Sunday, April 3, 2011

Real Tartine Bread

Tartine bread
This was my second attempt at Tartine bread and it was a success (with on caveat I will get to). The taste is amazing. The crumb is moist and creamy and the proteins really gelitanize so that the wheat bran from the little bit of whole wheat in the recipe shine through. I tried to demonstrate this but I don't think I captured it well:

An old friend visited this last week from out of town. She left yesterday, which meant she didn't get to try my wonderful bread (just the moderately successful ones I baked a few days ago) and take a loaf home to her family. Next time.

So I did not think these loaves were going to turn out well at all. The whole process of "young starter," "turns" went well but the shaping was mediocre at best. I set them to rest in my little banneton and my flour-coverd-dishtowl-lined loaf pan and hoped for the best. I got up this morning later than I inteded and began to preheat the oven. Servia helped me reconfigured to make room for my overturned broth pot. I put the stone onto the lowest shelf and heated the broth pot on top of it, and took out the banneton.

After the stone and pot had finished heating, I overturned the banneton onto my peel, heart the faint plop of the bread onto the board and tried to remove the banneton. Unfortunately, I had not put enough flour and the liner stuck hard to the dough. It took over ten minutes to peel the dough from the liner and by this time the dough had spread and ruined the surface tension. The same thing happened with my improvised banneton. Needless to say, the shapes of the loaves were distorted and the scoring was problematic and did not bloom into "ears." I bought some rice flour to line the banneton, so maybe next time. I was a little crabby, but Servia encouraged me not to give up hope.

She was right: the bread had a lovely open crumb and it tasted fantastsic. I mean really stunning. It had that nutty sourdough flavor and a richly caramelized crunchy crust. The crumb is moist and flavorful. Simply incredible. I recommend Tartine Bread to everyone. If you want to try the recipe, Bread Experience put together a great explanation here [1].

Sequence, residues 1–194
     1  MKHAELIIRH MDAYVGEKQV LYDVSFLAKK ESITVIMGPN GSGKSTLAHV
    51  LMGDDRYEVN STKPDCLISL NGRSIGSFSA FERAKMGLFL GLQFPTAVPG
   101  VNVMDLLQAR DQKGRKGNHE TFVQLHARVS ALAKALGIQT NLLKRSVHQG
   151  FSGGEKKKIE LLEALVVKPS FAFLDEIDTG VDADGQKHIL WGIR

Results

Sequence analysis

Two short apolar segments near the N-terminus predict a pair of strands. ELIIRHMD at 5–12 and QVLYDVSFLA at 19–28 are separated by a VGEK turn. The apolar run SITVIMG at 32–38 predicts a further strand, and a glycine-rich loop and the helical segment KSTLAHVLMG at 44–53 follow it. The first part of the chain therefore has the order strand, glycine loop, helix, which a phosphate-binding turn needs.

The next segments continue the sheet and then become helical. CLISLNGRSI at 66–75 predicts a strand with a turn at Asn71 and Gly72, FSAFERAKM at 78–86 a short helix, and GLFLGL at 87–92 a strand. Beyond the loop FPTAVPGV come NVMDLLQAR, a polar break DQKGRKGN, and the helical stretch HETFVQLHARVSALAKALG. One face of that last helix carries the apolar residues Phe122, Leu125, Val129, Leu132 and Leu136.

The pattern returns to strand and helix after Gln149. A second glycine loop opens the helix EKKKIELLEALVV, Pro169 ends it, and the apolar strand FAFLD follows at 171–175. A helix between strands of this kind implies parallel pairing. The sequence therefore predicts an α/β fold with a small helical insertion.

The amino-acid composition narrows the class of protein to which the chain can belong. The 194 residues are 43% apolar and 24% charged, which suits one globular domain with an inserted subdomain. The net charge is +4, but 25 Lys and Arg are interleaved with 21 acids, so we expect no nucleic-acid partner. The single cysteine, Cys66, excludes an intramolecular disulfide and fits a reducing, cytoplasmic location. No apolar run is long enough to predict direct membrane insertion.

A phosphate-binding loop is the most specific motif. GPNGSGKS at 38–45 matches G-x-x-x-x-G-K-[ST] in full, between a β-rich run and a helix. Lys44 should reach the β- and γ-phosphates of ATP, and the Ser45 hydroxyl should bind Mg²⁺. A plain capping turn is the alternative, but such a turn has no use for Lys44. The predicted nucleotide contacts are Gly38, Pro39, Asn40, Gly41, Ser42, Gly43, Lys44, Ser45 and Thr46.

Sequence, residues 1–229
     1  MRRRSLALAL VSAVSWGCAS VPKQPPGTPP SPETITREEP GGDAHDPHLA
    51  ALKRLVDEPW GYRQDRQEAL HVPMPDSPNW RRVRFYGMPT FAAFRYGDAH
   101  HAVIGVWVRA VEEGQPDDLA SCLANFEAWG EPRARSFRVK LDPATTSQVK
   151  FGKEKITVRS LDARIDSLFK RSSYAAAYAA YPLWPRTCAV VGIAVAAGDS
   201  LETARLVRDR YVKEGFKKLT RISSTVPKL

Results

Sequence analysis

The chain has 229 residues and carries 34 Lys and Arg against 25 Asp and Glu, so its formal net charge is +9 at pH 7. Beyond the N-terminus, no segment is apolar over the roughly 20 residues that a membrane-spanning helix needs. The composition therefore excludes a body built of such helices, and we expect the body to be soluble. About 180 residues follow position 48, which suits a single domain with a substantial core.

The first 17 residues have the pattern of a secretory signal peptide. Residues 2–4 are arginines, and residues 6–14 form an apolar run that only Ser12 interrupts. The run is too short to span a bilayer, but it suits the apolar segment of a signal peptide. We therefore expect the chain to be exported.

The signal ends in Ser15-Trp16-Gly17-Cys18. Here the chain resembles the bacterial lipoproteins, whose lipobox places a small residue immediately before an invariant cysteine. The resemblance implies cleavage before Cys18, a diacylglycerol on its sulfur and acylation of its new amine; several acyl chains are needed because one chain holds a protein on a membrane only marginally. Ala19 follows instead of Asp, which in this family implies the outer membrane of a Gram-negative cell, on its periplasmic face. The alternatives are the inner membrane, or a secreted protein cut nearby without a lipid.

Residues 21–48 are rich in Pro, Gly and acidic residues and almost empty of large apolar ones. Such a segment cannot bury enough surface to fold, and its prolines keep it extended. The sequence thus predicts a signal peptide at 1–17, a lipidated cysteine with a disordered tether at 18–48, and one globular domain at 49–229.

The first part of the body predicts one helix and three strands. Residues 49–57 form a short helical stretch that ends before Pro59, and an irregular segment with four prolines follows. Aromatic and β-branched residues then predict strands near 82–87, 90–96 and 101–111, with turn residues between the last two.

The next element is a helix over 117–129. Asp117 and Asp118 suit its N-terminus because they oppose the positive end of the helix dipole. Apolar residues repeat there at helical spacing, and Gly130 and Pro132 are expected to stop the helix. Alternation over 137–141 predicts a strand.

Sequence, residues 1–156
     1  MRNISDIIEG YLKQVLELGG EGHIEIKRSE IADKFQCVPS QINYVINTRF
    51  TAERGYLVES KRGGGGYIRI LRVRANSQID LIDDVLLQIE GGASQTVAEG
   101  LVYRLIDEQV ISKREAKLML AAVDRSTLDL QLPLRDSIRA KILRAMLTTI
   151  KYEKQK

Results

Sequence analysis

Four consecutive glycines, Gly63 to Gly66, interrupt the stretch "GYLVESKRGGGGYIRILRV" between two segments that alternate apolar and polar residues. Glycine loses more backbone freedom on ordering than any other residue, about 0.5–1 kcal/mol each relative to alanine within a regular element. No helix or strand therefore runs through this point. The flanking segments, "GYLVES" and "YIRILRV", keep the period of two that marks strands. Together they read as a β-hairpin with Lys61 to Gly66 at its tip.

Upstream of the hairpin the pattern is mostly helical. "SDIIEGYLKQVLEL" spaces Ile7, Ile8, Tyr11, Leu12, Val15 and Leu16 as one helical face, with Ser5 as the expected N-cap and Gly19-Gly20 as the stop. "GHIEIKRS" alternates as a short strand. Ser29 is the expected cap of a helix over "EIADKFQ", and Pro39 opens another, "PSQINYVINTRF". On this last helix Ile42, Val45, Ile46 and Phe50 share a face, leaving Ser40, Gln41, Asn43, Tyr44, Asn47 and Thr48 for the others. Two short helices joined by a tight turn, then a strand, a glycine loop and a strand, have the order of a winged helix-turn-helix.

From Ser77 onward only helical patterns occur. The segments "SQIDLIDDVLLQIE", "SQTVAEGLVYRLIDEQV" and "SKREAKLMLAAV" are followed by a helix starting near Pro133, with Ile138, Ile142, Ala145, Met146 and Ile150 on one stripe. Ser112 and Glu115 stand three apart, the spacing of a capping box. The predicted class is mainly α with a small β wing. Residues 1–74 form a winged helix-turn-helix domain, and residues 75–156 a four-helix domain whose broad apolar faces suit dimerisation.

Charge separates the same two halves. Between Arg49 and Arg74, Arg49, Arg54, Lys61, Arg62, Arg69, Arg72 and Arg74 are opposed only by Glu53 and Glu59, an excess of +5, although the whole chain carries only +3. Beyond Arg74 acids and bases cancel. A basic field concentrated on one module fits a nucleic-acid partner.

Loaf 1:
The Crumb.

Crust (with obvious issues)
 Loaf 2:
The crumb

Crust (with obvious issues)

The bread was so good I ended up having only bread for lunch-- just plain. My family had more bread at dinner and Servius' friend who came over to help me with my computer called it "superior" which made me very happy.

I know I put this picture up previously, but I like the sentiment it evokes. (And yes...I wrote this in a rush and omitted the "e" in "tastes").

  1. One way in which I disagree with the Bread Experience version of the recipe is leaving the bread out of the refrigerator before you put it in the oven. Maybe it's just me, but every time I leave a bread which has gone through its final proofing (rather that bulk fermentation) in the oven, my bread becomes disastrously stuck to my banneton (or maybe I just have more-than-normal trouble with my banneton-- any advice appreciated). I left the bread out only for the 20 minutes it took to heat up the oven and it turned out very well, so that would be my suggestion.

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